Real-time chat, audio, and extensive file sharing lend efficacious opportunities to al-Qaeda by enabling them to interact with existing affiliates, make new connections with individuals, contact alternative cells and groups, and recruit by using the platform to target demographics and people who express or exhibit particular jihadist ideas, interests, or behaviours. As a single chat server, Rocket.Chat has more than one hundred channels for the transmission of the group’s messages. Other fundamentalist and militant groups that either have pledged an oath of allegiance (bayat) to or have less concrete connections with al-Qaeda, such as Hamas, Hezbollah, and the East African-based al-Shabab, have also adopted this new strategy to continue proliferating largely unchecked on social media to reach more people and spread extremist rhetoric.

A tale of two sites: the case of Kata’ib Hizballah

The anti-American and Iranian-backed Shiite militia and terrorist organisation, Kata’ib Hizballah (KH), has been active in Iraq and Syria since 2003 and aspires to build a new pro-Iranian government in Iraq. After the death of Abu Mahdi al-Muhandis in 2020, the group’s new leader, Ahmad al-Hamidawi, continues to pursue this goal. KH is responsible for a variety of violent assaults on US targets in Iraq as well as attacks on Iraqi civilians. Yet, its influence goes beyond Iraq and Syria’s borders, inspiring other active terrorist groups and militias globally. Recent public pressure to remove terrorist propaganda from the internet has prompted social media companies to act; Europol and Telegram have recently collaborated with the intention of countering criminal and terrorist activity on the internet.

Brian Fishman, Facebook’s Global Head of Counterterrorism, said the social network had zero tolerance for any group the United States listed as a terrorist entity. In July 2009, the US designated and labelled KH as an operational terrorist and insurgent organisation that received support from the Iranian government. Further, KH was regarded as posing a severe danger to coalition forces in the Middle East, therefore raising the prospect of increased terrorist activity in the United States. The social media operation run and managed by KH continues uninterrupted in spite of these claims and efforts by social media companies to remove terrorist online information; counterterrorism forces continue to pursue active websites and accounts on Facebook, Twitter, and Telegram. For instance, a 2021 scenario showed this terrorist group operating and utilising websites which were later taken down by the Office of Export Enforcement of the US Department of Commerce’s Bureau of Industry and Security.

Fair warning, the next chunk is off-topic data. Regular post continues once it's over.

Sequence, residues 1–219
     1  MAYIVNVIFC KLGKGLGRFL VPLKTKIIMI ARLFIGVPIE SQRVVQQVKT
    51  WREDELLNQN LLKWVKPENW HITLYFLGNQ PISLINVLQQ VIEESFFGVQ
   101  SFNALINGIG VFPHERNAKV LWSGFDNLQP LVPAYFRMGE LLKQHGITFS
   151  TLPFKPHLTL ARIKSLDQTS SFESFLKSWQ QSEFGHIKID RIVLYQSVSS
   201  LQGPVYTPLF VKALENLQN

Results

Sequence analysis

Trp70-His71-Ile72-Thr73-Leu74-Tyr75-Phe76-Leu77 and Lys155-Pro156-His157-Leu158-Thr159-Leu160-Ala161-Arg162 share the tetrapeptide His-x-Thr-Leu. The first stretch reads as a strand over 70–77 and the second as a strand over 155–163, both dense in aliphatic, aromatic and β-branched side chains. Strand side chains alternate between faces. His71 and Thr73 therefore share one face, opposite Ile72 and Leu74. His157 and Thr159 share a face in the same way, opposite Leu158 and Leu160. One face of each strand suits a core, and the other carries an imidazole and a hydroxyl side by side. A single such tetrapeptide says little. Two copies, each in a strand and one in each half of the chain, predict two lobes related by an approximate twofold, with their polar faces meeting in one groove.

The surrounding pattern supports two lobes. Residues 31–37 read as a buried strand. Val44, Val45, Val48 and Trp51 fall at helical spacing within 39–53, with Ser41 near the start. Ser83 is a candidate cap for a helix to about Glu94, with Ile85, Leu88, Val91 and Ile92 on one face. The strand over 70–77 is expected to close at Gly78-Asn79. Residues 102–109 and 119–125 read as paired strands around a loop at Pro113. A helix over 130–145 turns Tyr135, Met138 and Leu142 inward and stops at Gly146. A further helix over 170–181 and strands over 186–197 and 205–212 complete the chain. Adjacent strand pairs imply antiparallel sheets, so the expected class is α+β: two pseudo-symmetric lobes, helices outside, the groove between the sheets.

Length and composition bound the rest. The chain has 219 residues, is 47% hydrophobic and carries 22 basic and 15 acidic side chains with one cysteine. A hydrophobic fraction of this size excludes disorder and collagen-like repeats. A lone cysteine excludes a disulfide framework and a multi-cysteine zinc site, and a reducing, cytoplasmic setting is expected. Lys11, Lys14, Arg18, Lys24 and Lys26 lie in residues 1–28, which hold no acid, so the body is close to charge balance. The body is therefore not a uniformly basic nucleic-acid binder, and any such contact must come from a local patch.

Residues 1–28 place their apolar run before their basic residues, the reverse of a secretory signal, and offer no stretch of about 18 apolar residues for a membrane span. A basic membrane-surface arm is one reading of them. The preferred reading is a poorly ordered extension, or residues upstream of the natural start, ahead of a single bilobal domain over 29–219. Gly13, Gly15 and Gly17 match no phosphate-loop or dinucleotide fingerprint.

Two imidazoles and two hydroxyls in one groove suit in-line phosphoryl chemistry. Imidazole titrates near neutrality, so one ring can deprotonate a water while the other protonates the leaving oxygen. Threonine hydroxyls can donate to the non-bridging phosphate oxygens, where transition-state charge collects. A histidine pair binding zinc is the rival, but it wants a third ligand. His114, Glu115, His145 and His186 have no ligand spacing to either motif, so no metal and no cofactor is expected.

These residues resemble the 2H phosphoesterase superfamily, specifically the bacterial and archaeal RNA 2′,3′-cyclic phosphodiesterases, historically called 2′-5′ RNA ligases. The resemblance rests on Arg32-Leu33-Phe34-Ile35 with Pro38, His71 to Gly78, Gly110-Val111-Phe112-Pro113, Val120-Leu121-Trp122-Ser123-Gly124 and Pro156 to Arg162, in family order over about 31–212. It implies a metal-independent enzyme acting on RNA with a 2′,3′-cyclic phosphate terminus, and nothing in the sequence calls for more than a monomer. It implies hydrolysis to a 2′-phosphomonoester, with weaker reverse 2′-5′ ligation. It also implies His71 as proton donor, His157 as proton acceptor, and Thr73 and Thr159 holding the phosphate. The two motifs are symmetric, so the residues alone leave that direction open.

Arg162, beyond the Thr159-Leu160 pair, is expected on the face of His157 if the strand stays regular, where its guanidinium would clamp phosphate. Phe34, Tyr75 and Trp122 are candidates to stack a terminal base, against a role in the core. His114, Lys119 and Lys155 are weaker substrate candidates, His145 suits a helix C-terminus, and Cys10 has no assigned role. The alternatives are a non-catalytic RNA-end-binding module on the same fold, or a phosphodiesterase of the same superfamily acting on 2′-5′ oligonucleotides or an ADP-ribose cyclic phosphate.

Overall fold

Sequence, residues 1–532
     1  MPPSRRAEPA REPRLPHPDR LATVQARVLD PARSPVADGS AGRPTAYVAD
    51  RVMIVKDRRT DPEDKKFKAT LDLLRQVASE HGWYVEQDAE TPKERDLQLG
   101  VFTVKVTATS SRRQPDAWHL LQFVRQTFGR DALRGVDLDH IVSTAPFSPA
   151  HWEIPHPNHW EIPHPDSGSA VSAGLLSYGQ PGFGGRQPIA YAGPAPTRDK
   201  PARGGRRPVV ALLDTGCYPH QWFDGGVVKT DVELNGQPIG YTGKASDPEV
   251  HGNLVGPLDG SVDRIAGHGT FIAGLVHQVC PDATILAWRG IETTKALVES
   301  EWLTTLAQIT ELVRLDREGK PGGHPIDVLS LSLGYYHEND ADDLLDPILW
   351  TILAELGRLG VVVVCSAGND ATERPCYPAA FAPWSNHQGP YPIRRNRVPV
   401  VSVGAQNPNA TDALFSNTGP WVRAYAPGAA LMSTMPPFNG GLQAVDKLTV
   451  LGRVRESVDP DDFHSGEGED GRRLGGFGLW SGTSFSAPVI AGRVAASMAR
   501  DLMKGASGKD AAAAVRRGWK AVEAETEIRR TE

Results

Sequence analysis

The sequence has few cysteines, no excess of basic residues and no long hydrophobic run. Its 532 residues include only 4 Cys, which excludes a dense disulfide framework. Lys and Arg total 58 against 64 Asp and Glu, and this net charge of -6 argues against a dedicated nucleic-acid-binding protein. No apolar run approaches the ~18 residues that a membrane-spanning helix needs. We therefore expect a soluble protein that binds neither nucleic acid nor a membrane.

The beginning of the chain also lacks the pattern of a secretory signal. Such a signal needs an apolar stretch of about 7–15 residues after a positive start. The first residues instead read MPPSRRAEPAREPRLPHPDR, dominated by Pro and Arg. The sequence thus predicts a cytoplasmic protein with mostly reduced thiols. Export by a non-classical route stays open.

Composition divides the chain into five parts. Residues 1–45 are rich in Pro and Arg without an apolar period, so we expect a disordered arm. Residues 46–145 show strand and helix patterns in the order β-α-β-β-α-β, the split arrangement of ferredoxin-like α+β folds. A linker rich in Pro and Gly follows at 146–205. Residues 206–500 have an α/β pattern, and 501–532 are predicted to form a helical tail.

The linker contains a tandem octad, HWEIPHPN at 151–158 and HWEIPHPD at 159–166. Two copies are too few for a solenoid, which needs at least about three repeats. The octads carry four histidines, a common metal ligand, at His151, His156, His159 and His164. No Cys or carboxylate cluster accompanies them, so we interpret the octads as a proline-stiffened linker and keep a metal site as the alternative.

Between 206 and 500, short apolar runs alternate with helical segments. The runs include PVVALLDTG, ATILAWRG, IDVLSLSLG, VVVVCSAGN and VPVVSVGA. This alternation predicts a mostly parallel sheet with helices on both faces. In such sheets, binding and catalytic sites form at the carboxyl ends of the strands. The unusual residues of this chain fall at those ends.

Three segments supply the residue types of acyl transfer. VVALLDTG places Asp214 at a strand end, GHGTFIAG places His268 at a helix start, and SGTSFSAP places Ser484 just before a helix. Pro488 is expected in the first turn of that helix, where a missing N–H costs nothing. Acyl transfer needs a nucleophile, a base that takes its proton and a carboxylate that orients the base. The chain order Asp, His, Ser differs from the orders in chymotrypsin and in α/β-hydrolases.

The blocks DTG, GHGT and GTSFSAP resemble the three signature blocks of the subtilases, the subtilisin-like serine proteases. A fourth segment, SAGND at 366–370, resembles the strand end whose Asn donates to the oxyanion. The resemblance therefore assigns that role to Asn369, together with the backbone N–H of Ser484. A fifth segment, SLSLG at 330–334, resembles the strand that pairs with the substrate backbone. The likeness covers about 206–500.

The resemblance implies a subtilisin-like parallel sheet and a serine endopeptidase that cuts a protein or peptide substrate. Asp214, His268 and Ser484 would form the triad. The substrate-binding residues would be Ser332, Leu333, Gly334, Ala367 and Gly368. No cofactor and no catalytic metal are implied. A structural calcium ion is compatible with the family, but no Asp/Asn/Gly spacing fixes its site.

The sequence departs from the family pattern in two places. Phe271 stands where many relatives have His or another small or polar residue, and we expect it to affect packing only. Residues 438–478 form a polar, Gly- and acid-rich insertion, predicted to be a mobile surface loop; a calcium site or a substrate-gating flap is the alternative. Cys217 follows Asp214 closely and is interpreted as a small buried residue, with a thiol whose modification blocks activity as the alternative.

The websites that KH used as its media and propaganda arms were seized with a search warrant by US investigators. On January 23, 2023, KH launched a fundraising campaign purporting to help the Yemeni Houthi movement acquire more drones intended for attacks against the United Arab Emirates. The campaign was launched by Amir al-Musawi, the spokesman for Sharia Youth Gathering (Tajamma Shabab al-Sharia, or TSS), an umbrella organisation controlled by KH. The campaign was advertised as a ‘grassroots’ initiative and named Hamlat Shabab al-Iraq (‘The Iraqi Youth Campaign’). The organisation’s Telegram channel was the most active muqawama channel promoting the campaign. In brief, KH, a terrorist group, consistently uses small platforms to communicate recruitment messaging across a variety of media, including but not limited to videos, photos, essays, and publications. Specifically, the KH group’s websites served a dual purpose of recruiting and distributing false material to manipulate public opinion in favour of radicalisation and recruitment.

Government Regulation